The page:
Released: January 2012
Genre: YA Dystopian
Series: Yes, trilogy
Author's Blog: http://veronicarossibooks.blogspot.com/
Challenge: YA Debut Author, Dystopia
Exiled from her home, the enclosed city of Reverie, Aria knows her chances of surviving in the outer wasteland - known as the Death Shop - are slim. If the cannibals don't get her, the violent energy storms will. She's been taught that the very air she breathes can kill her. Then Aria meets an Outsider named Perry. He's wild - a savage - and her only hope of staying alive.I couldn't help but compare this book to the other dystopian books I've been reading lately - books like Delirium and Crossed/Matched, as well as the older book The Line. I noticed that the thing these books have in common is that there's an insular, protected realm, and then the "outside" where all the rules and regulations of the new society don't operate.
A hunter for his tribe in a merciless landscape, Perry views Aria as sheltered and fragile - everything he would expect from a Dweller. But he needs Aria's help too: she alone holds the key to his redemption. Opposites in nearly every way, Aria and Perry must accept each other to survive. Their unlikely alliance forges a bond that will determine the fate of all who live under the never sky.
The difference between this book and the others is that here, the new society is not based on a totalitarian government, with oppressive rules in the guise of ensuring safety for all its inhabitants. Instead, what Under the Never Sky explores is the choice between complete safety at the expense of feeling anything real, or the chance to feel real pleasure and pain at the expense of comfort and certainty. I think Veronica deals with the issue brilliantly. Having the Outsiders have heightened senses is an added bonus to it! The way Aria discovers real feeling, both good and bad, and the way she keeps comparing things to the way they are in the Realms, really does raise questions about which one is better. And to be quite honest, I'm not sure that's answered in this first book.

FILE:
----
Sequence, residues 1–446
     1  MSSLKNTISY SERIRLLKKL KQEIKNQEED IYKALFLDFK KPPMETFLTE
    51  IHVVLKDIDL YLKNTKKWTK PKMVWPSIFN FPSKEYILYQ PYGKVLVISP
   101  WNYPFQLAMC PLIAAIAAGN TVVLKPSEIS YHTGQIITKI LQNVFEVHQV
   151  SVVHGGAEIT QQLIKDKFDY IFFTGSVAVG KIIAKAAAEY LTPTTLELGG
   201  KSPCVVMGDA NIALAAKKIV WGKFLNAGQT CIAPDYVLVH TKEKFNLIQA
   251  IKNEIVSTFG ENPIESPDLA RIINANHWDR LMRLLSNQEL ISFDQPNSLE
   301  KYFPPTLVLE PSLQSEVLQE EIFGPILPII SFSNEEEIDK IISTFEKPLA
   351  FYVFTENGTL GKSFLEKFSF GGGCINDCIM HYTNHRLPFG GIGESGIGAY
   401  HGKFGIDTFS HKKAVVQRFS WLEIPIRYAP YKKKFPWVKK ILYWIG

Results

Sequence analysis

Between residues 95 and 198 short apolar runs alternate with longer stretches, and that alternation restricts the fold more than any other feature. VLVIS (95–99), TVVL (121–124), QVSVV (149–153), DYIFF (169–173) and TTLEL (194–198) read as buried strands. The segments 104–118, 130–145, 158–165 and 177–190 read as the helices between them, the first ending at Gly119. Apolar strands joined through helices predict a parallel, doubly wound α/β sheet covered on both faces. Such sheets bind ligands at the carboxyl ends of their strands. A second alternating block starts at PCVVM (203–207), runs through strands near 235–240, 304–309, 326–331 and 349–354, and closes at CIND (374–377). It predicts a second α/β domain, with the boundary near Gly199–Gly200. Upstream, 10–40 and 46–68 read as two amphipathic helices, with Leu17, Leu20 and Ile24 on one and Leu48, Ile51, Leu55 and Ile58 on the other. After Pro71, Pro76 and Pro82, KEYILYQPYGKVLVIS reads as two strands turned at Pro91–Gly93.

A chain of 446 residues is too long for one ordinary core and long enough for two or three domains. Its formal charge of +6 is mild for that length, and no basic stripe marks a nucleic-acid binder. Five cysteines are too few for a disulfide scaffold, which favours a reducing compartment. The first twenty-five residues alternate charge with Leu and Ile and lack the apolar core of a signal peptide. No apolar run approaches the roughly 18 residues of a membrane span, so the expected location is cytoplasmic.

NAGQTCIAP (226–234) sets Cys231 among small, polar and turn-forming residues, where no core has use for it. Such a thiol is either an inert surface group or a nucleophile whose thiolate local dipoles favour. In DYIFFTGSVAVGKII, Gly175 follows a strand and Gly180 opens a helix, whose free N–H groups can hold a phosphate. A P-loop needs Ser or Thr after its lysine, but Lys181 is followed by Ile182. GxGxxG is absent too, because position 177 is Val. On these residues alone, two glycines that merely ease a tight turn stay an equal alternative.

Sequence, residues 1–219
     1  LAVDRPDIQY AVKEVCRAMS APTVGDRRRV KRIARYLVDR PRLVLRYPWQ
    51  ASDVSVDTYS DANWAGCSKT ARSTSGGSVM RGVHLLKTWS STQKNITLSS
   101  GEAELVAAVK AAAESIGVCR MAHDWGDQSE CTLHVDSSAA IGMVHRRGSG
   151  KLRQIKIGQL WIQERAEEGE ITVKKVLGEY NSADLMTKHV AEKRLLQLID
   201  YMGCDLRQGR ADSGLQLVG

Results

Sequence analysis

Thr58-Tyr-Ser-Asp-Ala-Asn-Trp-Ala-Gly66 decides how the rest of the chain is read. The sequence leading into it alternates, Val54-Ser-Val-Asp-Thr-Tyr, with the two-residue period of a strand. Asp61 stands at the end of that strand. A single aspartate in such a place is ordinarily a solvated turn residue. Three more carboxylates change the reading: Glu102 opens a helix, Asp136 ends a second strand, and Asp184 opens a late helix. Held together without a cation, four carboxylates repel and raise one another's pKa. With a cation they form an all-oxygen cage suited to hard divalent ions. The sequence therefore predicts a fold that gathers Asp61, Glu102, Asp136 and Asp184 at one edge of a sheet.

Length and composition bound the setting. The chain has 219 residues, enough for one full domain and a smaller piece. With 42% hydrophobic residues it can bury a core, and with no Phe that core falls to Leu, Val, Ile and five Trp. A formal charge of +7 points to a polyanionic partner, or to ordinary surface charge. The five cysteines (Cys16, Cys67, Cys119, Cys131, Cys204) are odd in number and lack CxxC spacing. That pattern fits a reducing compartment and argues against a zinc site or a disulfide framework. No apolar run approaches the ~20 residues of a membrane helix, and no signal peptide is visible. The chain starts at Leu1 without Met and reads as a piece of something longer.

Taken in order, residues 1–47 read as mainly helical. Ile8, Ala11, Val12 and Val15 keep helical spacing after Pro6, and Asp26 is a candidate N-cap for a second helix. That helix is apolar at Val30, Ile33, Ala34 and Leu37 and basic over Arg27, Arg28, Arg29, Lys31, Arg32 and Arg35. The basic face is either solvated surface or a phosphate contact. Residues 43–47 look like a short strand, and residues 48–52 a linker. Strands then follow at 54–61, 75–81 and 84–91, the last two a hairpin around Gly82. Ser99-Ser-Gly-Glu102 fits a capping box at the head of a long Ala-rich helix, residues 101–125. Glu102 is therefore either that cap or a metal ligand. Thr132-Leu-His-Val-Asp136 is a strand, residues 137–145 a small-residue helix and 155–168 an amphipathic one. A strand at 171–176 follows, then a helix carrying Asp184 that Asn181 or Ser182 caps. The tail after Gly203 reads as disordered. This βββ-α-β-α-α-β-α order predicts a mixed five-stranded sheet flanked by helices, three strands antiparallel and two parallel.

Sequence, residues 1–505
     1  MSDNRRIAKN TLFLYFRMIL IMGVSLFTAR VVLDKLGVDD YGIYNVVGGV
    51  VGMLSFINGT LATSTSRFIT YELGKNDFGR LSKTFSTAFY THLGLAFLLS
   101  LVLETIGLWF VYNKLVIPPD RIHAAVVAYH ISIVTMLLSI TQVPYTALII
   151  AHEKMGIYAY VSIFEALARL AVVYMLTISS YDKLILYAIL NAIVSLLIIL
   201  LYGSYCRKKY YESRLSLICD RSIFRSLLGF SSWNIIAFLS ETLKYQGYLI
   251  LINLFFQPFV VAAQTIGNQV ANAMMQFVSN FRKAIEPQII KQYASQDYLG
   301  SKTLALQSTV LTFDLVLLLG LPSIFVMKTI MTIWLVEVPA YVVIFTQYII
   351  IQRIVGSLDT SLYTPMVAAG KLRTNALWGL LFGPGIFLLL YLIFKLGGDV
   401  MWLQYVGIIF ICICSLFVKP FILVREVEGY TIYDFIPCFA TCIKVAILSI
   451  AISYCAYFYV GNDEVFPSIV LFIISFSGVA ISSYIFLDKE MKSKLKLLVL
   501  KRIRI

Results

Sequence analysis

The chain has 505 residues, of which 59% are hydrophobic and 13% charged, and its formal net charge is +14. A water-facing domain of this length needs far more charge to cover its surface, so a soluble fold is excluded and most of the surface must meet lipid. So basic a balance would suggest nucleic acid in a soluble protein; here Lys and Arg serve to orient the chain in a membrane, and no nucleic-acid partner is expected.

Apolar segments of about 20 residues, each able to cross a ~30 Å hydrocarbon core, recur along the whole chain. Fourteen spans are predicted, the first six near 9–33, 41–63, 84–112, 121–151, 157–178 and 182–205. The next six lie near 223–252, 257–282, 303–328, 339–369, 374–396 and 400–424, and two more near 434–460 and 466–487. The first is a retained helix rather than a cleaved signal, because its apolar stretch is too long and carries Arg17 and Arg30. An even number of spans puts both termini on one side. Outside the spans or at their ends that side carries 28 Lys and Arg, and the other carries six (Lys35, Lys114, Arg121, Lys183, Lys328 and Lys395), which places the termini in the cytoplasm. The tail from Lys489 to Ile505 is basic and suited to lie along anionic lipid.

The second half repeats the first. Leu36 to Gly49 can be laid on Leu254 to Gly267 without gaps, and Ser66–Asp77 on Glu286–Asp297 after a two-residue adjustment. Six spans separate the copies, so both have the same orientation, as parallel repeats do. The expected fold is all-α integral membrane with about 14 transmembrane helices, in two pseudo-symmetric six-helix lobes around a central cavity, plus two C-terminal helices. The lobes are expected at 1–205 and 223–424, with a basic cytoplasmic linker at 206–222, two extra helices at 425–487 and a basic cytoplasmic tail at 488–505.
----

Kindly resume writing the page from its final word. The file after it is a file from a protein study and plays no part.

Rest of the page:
But part of the reason I think it's not answered is that I feel like Veronica lost a bit of the focus at the end of the book. All along, seeing Aria's and Perry's feelings, both for each other and separate from each other, made me think about this concept. But the way the book ends and sets itself up for the sequel let me down, as it turned from a philosophical question to simply a - good - action and adventure story. I felt like the last bit was tacked on only to give momentum for continuing the story in the second book.
I also thought that we didn't get to see enough of Aria's world before she was taken away from it. I didn't understand a lot of the things about the way the Pod worked, and while it didn't actually detract from the story, it did leave me with a niggling feeling of "but why? and how?"
Leaving that aside, I want to say that I thoroughly enjoyed watching Perry and Aria's relationship unfold. They're both such distinct characters, so different from each other but so much the same at the same time, that it was really interesting to see them spar, wary of each other at first and then slowly growing to like each other while resisting it with all they have!
So my opinion of the book on the whole: The beginning and the end are a throwaway for me. The middle swept me up in the wave of the story and kept me enthralled. I'm definitely going to look out for the second book because I do want to spend more time with Aria and Perry!